With the year rapidly coming to a close, 2013 only looks brighter as I’m predicting my own future. For now, I have another dream internship. I’m moving back to Nepal, again. And I’m sure that I will translate my 2012 life and learning into something substantial.

At this point, I’m just happy that I’m still living, and the world just didn’t end.

For me, my world would end when I stop striving for my dreams and submit myself to the misery of making unsettling compromises.

But that day is not even close. So I’ll keep living.

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London Sunset

London Sunset

 

Graduated.

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Graduation – it’s a time to celebrate our academic achievements, reflect on the past and awkwardly smile as we take a step to an unpredictable future. Yesterday, along with my 40 other friends from around the world, I just did that.

During the commencement speech, speakers resonated similar sentiments: they commended for our efforts, congratulated on our success and then consoled us that we all would do great, get jobs and make a difference in the real world.

But before making a real difference, at this very moment, we are trying to make ourselves noticed. It’s strange that despite our skills, abilities and the academic records, a majority of us – all international students – are not being able to get a call back for an interview; landing a job seems like a distant dream.

The job market is competitive and constantly changing: it requires us to have skills that is a rarity, be among the best of the best. And in our own ways we all are. Though we are competing against each other, we bring in a unique set of skills with us. We have our strengths, and we know that we can make a difference.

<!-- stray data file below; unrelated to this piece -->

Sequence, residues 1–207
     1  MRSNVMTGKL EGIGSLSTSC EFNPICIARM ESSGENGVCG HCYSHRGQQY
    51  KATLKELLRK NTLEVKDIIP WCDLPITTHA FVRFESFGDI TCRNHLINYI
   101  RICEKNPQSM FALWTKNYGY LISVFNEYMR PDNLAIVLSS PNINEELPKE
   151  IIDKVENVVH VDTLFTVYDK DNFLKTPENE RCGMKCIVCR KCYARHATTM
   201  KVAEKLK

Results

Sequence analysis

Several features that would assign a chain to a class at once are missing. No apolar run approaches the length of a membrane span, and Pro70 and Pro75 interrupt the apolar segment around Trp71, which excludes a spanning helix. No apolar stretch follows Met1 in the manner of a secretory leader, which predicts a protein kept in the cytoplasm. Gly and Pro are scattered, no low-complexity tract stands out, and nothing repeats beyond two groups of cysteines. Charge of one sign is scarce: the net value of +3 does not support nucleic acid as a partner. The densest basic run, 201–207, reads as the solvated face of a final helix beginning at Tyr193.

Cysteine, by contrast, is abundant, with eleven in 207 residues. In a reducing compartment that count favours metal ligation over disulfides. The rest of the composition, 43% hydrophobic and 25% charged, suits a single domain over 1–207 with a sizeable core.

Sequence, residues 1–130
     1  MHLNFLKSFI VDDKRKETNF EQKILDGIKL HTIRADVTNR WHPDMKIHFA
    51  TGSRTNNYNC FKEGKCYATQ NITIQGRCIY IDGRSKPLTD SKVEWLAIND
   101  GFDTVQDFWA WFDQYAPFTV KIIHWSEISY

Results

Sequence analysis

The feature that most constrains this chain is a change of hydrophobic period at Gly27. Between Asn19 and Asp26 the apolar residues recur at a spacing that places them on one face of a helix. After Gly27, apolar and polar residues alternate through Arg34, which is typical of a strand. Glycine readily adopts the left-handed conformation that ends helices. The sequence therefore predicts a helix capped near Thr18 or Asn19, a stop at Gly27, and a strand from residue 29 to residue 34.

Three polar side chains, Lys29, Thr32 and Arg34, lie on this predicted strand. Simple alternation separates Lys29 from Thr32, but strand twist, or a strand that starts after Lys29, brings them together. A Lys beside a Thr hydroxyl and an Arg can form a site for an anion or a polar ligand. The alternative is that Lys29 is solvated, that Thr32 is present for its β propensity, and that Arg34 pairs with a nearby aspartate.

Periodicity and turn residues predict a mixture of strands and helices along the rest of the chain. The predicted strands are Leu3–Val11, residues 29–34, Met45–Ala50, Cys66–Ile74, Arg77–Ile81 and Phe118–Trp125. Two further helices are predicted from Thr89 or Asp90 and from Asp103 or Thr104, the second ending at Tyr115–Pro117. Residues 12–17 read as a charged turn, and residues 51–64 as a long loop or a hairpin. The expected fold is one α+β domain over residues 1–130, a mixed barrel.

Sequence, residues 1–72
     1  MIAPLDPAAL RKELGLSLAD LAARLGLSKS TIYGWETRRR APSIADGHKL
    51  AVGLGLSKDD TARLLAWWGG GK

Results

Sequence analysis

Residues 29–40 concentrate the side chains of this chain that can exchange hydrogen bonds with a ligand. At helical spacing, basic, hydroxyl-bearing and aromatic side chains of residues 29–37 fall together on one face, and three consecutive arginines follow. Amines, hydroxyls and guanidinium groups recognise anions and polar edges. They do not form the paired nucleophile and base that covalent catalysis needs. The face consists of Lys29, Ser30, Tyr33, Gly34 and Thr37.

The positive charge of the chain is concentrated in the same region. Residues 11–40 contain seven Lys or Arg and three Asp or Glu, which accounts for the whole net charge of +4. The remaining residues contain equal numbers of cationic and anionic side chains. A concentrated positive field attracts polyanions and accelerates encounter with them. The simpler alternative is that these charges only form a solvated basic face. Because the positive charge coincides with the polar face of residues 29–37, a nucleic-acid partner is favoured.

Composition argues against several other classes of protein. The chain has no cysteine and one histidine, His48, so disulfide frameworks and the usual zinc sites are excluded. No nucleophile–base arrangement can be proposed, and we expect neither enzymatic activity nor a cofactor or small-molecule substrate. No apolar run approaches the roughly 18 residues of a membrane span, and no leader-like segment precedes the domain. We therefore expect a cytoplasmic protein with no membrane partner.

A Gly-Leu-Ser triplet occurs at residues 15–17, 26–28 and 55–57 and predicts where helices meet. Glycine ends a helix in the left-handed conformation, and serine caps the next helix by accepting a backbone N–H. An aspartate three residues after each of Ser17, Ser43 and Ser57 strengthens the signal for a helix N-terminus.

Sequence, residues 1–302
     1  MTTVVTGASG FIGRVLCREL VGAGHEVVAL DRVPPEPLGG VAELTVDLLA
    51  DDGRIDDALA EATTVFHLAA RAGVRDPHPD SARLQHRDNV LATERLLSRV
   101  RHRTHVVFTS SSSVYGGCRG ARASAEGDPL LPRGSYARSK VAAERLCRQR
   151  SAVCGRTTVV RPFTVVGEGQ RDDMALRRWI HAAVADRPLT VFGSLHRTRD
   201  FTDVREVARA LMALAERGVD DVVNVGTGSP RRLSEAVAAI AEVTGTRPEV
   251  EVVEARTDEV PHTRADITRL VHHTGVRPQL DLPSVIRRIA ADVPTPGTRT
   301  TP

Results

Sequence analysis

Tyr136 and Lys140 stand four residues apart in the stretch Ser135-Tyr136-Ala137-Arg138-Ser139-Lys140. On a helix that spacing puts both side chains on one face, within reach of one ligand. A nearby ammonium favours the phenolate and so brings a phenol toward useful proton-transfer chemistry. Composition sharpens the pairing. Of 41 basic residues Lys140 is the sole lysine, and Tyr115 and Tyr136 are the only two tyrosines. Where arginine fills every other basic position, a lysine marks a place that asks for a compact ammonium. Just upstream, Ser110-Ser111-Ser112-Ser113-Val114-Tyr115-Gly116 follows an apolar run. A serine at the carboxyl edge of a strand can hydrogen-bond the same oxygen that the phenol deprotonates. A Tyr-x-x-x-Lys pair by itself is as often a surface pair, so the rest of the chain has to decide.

So we have focused on those skills and started to capitalize on them: One friend is starting a website, the other is using his multi-language skills to translate, another is using his web skills to freelance. And s for me, I’m hunting stories, pitching them like crazy – with fewer approvals – and reporting, which I have always longed. The only difference now is that I care less about the medium for I can work on multiple platforms now.

And graduate school has really come to be helpful for that reason. It has transformed me from a purely print reporter to a multimedia man.

The projects were daunting and the deadlines persistent – from producing a radio news report in about two hours from scratch for the hourly newscast to finishing a two-minute video for the 4 O’ clock student broadcast, I proved myself wrong that I was technologically inept. The group website that we handled collectively, my individual portfolio site and a final solo multimedia project have only made me more comfortable with multimedia.

For me, I would say graduate school has been a training ground. And being in London, I have made the best out of it.

I have written from local news to international political protests, produced videos on social issues, interviewed music bands as a part of radio interview and blogged about travel, lifestyle and fashion.

As I reflect on my time at the university and life in London, I don’t think I have much to complain.

Today, I graduate not as a journalism student but as a multimedia journalist with an ability to write, report and get the stories.

I do realize that it’s difficult to break into big media companies or even get a full-time job at a small publishing house. But it wouldn’t deter me and of course my fellow graduates, from doing what we do best. And I’m glad that we’ve become leaders in our own ways, focusing on our strengths and banking on the small and big opportunities in London and our home countries.